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Are your communications causing furrowed brows?

Are your communications causing furrowed brows?

By Nancy Steelberg

What qualifies as “good communications?” If an ad/brochure/video makes you laugh, is it good? Is it good if it spurs you to act or makes you reconsider a strong opinion? What if you were a sign writer? How would you craft a sign that needs to contain a lot of information in a small space? Even the most accurate writers with the best intentions can be challenged by effective word choice.

Last week, our local Washington Post traffic reporter (the fittingly named “Dr. Gridlock”) published a story about bus rider’s Kathryn Catania reaction as she looked up at a Metrobus sign at Seventh Street and Constitution Avenue NW outside the National Gallery of Art. She didn’t quite get it.

Ms. Catania commented “I thought to myself, ‘What does alight mean?’”

She said she recalled using it in a college poetry class, “usually in connection with birds landing on something.” (Here’s the actual definition of alight.)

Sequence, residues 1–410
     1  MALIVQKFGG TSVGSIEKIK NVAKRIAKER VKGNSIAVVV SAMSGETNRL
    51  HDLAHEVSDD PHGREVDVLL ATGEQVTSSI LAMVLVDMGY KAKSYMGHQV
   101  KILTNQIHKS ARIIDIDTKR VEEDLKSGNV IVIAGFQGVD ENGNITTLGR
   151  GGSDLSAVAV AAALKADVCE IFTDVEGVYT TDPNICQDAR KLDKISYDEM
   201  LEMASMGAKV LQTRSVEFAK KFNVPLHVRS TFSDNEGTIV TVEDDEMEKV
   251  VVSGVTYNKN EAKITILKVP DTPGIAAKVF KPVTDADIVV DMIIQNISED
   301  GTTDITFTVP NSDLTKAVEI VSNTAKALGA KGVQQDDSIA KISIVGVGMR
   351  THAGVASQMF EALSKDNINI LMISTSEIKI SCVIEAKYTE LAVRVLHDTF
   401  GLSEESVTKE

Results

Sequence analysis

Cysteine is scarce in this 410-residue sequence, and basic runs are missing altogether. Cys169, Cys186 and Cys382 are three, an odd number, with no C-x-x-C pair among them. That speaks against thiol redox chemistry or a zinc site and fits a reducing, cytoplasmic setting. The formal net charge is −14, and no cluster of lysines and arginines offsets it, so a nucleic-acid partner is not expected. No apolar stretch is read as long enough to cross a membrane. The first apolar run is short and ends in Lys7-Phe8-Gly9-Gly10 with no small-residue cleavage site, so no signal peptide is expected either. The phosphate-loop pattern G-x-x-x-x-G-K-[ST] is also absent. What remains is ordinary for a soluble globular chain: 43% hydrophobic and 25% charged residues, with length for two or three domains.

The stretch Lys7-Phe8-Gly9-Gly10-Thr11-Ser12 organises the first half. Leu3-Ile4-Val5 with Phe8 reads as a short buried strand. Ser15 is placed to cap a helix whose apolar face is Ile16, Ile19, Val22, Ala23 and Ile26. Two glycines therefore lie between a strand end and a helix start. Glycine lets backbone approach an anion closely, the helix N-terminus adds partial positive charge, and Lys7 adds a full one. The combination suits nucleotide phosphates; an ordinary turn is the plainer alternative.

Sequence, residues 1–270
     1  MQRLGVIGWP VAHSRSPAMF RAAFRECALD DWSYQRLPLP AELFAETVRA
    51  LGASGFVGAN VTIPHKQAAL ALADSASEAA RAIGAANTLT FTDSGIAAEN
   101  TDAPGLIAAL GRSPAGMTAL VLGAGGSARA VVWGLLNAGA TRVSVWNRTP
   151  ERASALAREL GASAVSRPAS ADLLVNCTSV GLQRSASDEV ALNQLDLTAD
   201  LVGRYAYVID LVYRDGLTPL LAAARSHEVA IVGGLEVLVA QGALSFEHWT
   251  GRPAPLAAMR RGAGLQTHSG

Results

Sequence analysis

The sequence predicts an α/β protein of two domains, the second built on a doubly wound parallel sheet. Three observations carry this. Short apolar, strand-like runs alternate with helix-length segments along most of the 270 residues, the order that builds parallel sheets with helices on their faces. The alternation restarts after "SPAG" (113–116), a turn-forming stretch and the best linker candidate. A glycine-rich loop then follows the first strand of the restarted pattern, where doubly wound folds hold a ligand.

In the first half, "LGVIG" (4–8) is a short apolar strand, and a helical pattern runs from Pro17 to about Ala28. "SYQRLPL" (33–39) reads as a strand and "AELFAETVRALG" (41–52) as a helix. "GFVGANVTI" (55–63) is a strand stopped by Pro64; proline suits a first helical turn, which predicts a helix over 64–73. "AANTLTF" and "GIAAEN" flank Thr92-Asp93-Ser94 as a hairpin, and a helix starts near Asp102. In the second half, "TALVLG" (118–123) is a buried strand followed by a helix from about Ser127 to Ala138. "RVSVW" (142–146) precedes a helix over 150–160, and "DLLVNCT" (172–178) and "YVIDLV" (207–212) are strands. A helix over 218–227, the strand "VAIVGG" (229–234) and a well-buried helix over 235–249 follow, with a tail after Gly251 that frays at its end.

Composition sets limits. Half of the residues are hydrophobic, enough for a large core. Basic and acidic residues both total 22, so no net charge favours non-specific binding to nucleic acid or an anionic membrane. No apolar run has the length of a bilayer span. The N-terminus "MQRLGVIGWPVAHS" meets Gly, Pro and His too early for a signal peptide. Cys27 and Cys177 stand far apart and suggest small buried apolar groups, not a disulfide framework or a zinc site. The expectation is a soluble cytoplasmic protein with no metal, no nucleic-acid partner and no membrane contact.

We often laugh at the funny signs we see (they frequently make up a good deal of my Facebook updates). Indeed, a Metro spokesperson defended the sign, reporting that having a larger font size is part of Metro’s new sign standard that complies with the Americans with Disabilities Act.

As professional communicators, it’s important to always err on the side of clarity. At the same time, it’s certainly critical to produce materials that meet all the requirements of the ADA and are Section 508 compliant. (These regulations require that all materials produced by the government be understandable by the visually and hearing-impaired.) But the two goals are not mutually exclusive.

If we want to tell people NOT get on a certain bus, it might be better to say “exit only,” which would probably not require getting out a smart phone to access a dictionary. In this case, my guess is that Metro could have fixed this miscommunication with a simple external review – something ENC helps organizations do all the time.

Let’s all commit to re-reading critical communications with our audience in mind – emails, marketing materials, web sites, and yes, even our texts. And if you don’t have the time, or just want a different set of eyes, call us. Nobody wants to see their work highlighted in a Washington Post story quite like this.

Image courtesy Flickr user jwyg

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